One of the most important Civil War Texas photographers was a Prussian-born immigrant who barely operated within the borders of Texas. Louis De Planque operated photography galleries on both sides of the Rio Grande in both Brownsville and the sister city of Matamoros, Mexico. De Planque arrived in Mexico about the same time of Maximilian's forces during the French intervention. He was a superb artist who took many rare outdoor scenes. He also photographed many of the principals involved in the complex military affairs resulting from the French invasion and various Mexican warring factions at the same time he was photographing Confederates and Federals just across the river in Texas. In fact, the conflict along the Lower Rio Grande Valley of Texas is the best photographed theater of operations in the state. De Planque made outstanding studio portraits of Mexican military leaders such as Tomas Mejia, Servando Canales Jeronimo Trevino and Mariano Escobedo. He also took the only known photograph of Texas frontier icon and Confederate Col. John S. "Rip" Ford wearing his Confederate uniform.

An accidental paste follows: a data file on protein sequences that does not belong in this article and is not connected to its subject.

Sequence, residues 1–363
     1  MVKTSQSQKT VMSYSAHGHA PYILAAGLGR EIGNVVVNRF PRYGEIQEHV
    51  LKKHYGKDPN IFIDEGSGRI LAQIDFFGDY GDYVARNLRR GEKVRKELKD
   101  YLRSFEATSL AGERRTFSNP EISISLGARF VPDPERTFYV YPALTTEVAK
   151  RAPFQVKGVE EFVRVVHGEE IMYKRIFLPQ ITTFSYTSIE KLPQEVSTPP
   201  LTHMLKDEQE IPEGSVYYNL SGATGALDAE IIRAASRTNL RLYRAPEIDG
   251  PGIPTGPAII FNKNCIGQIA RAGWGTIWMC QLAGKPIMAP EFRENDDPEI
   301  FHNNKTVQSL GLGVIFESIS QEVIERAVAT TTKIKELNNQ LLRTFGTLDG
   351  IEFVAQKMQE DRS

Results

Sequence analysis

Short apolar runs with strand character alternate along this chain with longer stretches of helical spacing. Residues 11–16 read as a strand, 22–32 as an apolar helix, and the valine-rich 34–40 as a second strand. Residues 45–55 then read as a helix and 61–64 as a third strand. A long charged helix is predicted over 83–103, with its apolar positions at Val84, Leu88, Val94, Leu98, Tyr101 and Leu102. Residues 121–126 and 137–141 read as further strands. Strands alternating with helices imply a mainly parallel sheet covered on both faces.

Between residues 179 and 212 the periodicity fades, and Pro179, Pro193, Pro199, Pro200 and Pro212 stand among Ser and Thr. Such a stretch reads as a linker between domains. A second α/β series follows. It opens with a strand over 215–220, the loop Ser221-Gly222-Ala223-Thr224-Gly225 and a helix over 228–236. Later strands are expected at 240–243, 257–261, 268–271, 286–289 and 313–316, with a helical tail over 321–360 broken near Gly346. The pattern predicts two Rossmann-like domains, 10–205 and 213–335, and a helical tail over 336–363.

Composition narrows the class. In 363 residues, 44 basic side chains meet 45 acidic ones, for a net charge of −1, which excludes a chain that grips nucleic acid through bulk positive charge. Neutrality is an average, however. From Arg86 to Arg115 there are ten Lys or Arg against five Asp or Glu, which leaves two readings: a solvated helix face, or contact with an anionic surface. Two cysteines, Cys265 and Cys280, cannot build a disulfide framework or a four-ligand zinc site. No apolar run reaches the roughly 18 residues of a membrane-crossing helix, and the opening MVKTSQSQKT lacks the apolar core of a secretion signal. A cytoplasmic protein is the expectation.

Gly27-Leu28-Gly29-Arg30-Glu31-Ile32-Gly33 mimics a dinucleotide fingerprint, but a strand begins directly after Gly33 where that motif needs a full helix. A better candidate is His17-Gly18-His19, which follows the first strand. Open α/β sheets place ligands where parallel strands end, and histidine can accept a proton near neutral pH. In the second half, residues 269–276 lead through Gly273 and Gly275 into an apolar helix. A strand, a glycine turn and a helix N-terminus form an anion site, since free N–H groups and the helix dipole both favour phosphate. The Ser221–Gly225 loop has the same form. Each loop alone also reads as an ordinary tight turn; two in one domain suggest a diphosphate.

As the war began to wind down, Texas Confederates slowly drifted back to Texas on foot, on horseback, and by boat. A substantial number of photographs of returning Texas Confederates were taken in cities such as New Orleans where photograph galleries were plentiful. Some of these veterans actually took up the practice of professional photography upon their return from the war. Photographers such as Hamilton B. Hillyer and Harvey R. Marks had served with local Texas state units during the war. Samuel B. Hill and William J. Oliphant served in hard-fighting combat infantry regiments during the war before turning to photography as a postwar career. Shortly after the war, Oliphant took a photography apprenticeship with true masters of the art. He learned the craft from Alexander Gardner and Timothy O'Sullivan, two well-known pioneers at war photography, by studying with them in Washington, D.C., before returning to Austin to open his own gallery. Within five years after the war, literally hundreds of photographers were entering Texas, and a new generation of photographic work was beginning. See also PHOTOGRAPHY.